One of the most likely, but least useful, effects of a demoralised movement now would be to compensate for the desolate sense of despondency the ruling world wishes to drain people with, to compensate for this with hopeful wishful-thinking, steeped in impotently abstract half-truths:
Ideological platitudes – “In revolution we lose every battle but the last” or “Well, we can’t expect miracles of ourselves, anymore than of the rest of the working class” or “We’ll be back!” or “They’re going to wish we were back on strike” or “…” (fill in your own consolation)…Uselessly ‘defiant’ half-truths. All this is just pointless ‘hope’ – abstract, impotent wishful-thinking, subtle ways of not reflecting, in the present , on the strengths and weakness, the successes and failures, of the past year, as part of renewing our only practical hope – the creative violence of the masses against different bars of the cage. Hope is like a barred window: no matter how large it is, you still remain caged up…
Hope is the leash of submission, which is why so many workers are thinking of joining the Labour Party, which is already devising patronising lessons of the strike, which basically come down to criticising any aspect of the strike that may have limited its appeal to the masses of spectators/voters. Inspired by such political organisations, hope springs eternally external: it always consoles you with an abstract wish for some solution outside of your own, and other people’s, organised initiatives. Rejecting autonomy for hope stops the rebels from asking themselves some basic concrete questions. Like, what can be learnt now about the strike since Christmas, & since November? Why, since the New Year, did the drift-back start to become a flood?
There are four essential, and very general, reasons:
1. The weight of the old world (survival miseries inflicted by the class enemy; dominant ideology in the media; intimidation by the courts and the cops; resigned indifference on the part of the majority of the mass of spectators, etc.) all of which, despite appearances, have been supported by:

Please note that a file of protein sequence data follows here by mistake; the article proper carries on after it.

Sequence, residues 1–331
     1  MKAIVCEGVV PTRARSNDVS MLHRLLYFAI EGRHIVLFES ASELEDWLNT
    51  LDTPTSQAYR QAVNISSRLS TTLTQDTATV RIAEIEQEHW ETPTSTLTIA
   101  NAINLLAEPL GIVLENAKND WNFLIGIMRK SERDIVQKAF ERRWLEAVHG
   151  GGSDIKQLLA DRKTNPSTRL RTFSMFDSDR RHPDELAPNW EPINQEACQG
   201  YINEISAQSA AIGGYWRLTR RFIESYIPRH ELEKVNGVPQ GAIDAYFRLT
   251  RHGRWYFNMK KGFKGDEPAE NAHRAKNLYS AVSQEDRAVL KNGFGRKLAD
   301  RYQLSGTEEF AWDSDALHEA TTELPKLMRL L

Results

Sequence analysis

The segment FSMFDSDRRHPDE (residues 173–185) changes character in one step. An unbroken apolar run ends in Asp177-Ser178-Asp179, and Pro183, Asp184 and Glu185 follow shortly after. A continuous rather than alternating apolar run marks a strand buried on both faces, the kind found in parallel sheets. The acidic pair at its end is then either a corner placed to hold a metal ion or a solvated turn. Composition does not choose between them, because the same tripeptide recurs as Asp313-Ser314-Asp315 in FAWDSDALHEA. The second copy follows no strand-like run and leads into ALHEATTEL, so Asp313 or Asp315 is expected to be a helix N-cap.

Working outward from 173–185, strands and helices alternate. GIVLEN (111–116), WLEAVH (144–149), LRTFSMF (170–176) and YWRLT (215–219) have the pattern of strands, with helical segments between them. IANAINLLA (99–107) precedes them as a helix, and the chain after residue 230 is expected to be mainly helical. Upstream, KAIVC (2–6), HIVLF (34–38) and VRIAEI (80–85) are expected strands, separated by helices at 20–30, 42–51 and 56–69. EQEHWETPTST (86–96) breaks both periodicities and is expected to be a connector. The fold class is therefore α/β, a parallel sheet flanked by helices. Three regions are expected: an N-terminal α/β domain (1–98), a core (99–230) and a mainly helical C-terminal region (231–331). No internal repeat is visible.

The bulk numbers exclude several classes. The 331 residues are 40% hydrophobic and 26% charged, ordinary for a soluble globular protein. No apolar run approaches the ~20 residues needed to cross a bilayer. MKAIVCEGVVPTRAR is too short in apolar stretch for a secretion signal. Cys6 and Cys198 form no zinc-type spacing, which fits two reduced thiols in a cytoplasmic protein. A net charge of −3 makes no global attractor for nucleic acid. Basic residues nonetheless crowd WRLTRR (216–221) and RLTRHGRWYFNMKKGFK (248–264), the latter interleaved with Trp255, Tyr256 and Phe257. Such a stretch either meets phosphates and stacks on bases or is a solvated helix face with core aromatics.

2. The pseudo-opposition of the Left and the Union hierarchies, including the NUM hierarchy, all of which, despite appearances, have both encouraged & been encouraged by:
3. The inertia and passivity of the majority of striking miners, most of whom have depended on the initiatives of the active minority, and who now are betraying the minority who have supported them in the past 
4. The limitations of the real movement itself, limitations which can certainly be partly corrected, and immediately. It is now vital for the active minority (and all those who support them) - the miners and supporters who have made the most audacious initiatives in this strike by by-passing some of the controls of the various Union bureaucrats - to be explicit about their opposition to the ambiguities of the leaders and hierarchs, however “radical” their rhetoric.
It is vital to analyse:
Trade Unionisms’ image and practice and trade union ideology as a whole.
How the NUM has functioned in the miners strike – e.g. how the branch delegates and secretaries have played a dual role of leader-representative and initiator equal to the rest of the lads, whose inevitable consequences have been confusion and demoralisation, regardless of their radical intentions.
How Scargill, despite the disgust and repressed anger of a minority of miners and supporters, has remained with his “pure” image in tact (despite innumerable, largely unspoken, retreats).
The leadership con.
History of Trade Unionism here.
How defending an organisation disorganises real solidarity.
How the NUM – like all organisations – is an entity greater than the individuals which comprise it, like the Labour Party or the Nation or the Economy.
Looking for fixed causes’ fixating a pre-defined perspective vis a vis the union….
Most people have changed – one way or the other – through this strike…
You never know where you are with a branch official…contradictory aspirations
Brave face on failure? Or a lying cover-up of surrender.
Guilt-money: not real solidarity.